Alan, in the general case I believe you are right. But in the specific
case of the information required to identify a "resource" on the net, I
don't think so. Let me 'splain...
The issues of indexing Internet content are vast, but we seem to have a
number of pilot projects which attempt to address the issues. But is
this all the user REALLY needs? I suggest not.
In my experience, when I am looking for information on agriculture, I am
not looking for 'grain.tar.Z' or for 'Name=Thoughts on Triticalae and the
Wheat Borer Beetle.' Rather, I am looking for 'things having to do with
Indexing content is a very large problem and one I'll freely admit most
likely needs to be completely automated. But, identifying collections of
value -- what I refer to as a 'resource' -- is something which can only
be managed and maintained by the agency in authority over that resource.
On The Electronic Newsstand, Out Magazine represents a 'resource' -- a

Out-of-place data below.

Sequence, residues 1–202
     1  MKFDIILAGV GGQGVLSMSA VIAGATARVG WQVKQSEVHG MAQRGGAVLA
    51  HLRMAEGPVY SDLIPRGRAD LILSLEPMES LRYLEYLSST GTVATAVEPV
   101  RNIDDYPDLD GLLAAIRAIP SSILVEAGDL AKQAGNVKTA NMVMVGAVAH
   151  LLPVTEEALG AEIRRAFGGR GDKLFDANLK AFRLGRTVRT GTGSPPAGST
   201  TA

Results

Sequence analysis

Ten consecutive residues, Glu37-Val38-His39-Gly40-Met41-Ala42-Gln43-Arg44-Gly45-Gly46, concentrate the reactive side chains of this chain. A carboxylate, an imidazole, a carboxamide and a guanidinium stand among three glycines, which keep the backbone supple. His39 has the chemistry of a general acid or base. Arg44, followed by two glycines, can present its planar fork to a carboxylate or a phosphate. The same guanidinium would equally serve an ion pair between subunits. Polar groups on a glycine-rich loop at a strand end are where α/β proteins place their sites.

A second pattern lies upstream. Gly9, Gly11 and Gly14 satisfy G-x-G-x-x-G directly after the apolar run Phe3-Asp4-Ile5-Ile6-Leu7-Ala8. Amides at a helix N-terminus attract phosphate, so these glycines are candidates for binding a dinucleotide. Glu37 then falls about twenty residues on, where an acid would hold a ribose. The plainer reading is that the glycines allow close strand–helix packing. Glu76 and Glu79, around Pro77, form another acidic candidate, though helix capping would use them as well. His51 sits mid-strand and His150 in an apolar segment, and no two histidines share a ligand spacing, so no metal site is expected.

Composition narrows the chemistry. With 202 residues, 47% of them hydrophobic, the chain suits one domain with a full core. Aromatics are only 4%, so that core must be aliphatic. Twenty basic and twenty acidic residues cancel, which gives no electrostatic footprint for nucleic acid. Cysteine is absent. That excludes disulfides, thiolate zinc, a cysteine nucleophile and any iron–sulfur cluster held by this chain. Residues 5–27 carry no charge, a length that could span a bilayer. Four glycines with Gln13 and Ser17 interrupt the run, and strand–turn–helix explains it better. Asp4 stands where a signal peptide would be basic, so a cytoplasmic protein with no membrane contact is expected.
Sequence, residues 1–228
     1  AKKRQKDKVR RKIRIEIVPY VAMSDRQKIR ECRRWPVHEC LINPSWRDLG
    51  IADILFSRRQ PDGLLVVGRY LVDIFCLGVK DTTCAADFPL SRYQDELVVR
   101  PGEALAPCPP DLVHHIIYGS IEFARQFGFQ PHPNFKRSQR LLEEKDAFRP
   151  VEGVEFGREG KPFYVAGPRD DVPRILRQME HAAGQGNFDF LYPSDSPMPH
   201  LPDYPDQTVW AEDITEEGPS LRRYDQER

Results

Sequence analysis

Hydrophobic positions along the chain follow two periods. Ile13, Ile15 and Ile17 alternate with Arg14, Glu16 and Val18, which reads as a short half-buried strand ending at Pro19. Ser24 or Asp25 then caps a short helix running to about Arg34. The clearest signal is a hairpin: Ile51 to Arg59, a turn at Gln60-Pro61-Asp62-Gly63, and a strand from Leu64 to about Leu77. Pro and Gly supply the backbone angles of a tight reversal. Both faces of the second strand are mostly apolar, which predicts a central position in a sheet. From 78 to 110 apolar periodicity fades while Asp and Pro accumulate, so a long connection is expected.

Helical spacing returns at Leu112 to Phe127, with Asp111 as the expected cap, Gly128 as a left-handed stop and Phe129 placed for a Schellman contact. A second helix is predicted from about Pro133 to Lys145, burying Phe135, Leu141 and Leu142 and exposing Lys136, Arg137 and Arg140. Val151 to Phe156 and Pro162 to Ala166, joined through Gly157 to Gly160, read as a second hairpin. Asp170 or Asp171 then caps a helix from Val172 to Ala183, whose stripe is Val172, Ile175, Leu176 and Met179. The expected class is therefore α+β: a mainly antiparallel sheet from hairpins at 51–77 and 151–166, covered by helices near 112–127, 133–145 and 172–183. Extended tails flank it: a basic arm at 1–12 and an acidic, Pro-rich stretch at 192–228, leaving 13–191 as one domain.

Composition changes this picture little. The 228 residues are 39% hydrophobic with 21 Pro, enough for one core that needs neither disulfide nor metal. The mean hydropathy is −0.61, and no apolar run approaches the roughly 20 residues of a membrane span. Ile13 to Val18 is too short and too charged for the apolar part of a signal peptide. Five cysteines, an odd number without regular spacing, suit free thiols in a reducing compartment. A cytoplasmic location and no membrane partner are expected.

collection of value on a given topic, but the articles in the Out archive
are not easily identifable by their names and pose large problems of
cataloging. The Electronic Newsstand is a resource, as well, as it
represents a collection of magazines and their content, but the FAQ about
the Enews is not a resource.
While individual files and documents number (perhaps) in the millions,
resources of this kind are still in the very low thousands. Now is the
time to put infrastructure in place to handle the load.
Of course, no project works unless there is a reason for the resource
administrator to provide the meta-information necessary. I believe that
there is sufficient motivation to do so, since an effort of this nature
answers the very question we all attempt to answer by putting our
information up for view: How can I get people to use what I provide?
I strongly suggest that a first step in any effort of this kind must be
the definition of exactly what we are trying to collect information on
because the issues of indexing vs. the generation of a 'table of
contents' are very different indeed.
-- </rr> Rob Raisch, The Internet Company